Two interesting discoveries while on Broadway tonight. First (and yes, as it turns out, TONY is on this one, too), while grabbing an Angus Deluxe during the 15-minute break at Pygmalion (yes, I'm a pig, but at least I don't speak cockney), I encountered big advertisements for the lottery tickets being given out for Young Frankenstein. Apparently, three hours before that show, you go across the street to this strange thing called a theater (in fact the Hilton Theater, where the show is playing), and you put your name in a lottery. Should you win this lottery, you'll also (shockingly) buy your $26.50 tickets there. However, to find if you've won, you have to go into the heart of that neon McDonalds next door two hours before the show. Now, I thought as with Signature Theater that when there were corporate sponsors, all the tickets were $15 or $20 a pop. So what's the deal with this franchising? (As for the information itself, it's hopelessly hidden on the slow-to-load, hard-to-navigate site for the show, located here.)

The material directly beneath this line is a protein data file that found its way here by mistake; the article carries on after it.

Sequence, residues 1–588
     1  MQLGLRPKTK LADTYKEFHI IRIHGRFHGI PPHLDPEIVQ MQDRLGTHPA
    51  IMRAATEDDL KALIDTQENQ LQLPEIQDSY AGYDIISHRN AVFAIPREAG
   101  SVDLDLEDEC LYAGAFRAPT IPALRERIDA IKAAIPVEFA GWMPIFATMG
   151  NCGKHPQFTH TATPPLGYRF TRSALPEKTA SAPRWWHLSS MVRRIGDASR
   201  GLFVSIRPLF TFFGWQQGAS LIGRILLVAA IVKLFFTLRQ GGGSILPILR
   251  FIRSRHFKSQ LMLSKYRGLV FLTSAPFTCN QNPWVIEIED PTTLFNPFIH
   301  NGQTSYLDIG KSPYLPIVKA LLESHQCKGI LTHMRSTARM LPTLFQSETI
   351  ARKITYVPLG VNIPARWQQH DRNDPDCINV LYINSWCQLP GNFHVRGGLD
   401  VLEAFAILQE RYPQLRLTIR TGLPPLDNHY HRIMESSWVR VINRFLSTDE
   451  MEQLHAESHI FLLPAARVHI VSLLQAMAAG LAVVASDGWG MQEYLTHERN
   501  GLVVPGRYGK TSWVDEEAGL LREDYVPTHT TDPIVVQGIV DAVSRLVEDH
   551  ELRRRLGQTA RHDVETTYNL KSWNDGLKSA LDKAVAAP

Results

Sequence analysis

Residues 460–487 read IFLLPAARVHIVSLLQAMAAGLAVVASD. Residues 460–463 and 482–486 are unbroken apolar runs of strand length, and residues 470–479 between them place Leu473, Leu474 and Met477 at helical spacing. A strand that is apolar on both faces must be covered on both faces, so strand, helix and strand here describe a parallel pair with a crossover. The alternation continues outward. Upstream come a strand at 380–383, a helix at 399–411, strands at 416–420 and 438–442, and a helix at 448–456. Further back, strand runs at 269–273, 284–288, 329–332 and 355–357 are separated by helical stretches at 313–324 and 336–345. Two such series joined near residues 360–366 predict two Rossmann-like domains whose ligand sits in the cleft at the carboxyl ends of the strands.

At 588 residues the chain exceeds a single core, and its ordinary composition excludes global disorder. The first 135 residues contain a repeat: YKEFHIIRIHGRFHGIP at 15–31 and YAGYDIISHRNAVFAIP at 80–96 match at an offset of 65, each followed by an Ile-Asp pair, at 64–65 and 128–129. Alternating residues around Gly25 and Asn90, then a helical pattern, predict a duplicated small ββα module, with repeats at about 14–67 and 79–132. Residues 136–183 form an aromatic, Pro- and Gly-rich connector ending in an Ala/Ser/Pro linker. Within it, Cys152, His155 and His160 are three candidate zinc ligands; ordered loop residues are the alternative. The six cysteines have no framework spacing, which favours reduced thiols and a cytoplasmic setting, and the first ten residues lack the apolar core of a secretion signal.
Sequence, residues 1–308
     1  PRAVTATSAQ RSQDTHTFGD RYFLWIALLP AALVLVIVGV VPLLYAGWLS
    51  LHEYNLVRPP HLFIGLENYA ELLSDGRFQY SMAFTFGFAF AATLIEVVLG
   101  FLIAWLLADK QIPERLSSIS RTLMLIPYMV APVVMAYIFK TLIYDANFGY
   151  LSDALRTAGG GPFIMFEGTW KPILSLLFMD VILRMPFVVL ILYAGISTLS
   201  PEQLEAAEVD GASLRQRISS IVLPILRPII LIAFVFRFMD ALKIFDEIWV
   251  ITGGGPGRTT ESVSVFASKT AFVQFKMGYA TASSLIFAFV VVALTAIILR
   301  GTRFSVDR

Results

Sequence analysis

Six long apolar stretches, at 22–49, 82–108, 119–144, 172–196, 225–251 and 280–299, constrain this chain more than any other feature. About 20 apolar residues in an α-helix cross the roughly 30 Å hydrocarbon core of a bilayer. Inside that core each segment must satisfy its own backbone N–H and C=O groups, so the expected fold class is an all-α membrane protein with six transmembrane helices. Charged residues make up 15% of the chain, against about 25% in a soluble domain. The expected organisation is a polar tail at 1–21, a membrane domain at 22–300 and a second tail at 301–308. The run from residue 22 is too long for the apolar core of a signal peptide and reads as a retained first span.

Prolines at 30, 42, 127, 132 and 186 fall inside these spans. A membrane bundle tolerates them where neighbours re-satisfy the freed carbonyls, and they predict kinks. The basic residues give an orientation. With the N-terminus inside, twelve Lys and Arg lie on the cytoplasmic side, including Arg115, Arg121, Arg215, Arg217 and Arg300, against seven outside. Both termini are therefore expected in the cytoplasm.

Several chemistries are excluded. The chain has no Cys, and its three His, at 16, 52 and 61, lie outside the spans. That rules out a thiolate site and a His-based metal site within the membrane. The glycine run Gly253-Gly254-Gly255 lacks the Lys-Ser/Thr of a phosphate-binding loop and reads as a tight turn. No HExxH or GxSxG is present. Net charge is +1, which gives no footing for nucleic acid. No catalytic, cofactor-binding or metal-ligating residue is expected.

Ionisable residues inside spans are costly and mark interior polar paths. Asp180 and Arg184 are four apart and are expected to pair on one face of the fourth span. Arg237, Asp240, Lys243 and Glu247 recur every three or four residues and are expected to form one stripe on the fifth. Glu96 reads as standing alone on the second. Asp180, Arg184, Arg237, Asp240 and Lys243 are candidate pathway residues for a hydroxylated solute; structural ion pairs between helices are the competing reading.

As for the other, because I attended Pygmalion as part of the HIPTIX program, I got a chance to see their marketing department at work, as October 25th happened to be a "Makeover Party" for all the young professionals in the audience. The event was cheery, with a few of the actors making the rounds (Jay O. Sanders and Doug Stender), and there was free Tsingtao beer and light snack foods (followed by decadent mini-brownies). There were goodie bags, too. But aside from the two charming makeup artists giving penthouse guests a "makeover," nothing about the event tied to theater itself, which I thought was the whole point of the HIPTIX program. I was lucky enough to be introduced to some other people with an interest in theater, and I had a nice discussion about some other shows I'd recently seen or now plan on seeing (The Overwhelming and Speech and Debate), but for the most part, people came for the swag and the food, and stuck with their friends, and didn't seem to give a shit about theater. Heart's in the right place, but isn't there something more we can do? Surely there's something more I can do, and I'll keep reaching out until there are enough of us to actually affect a change in theatergoing trends.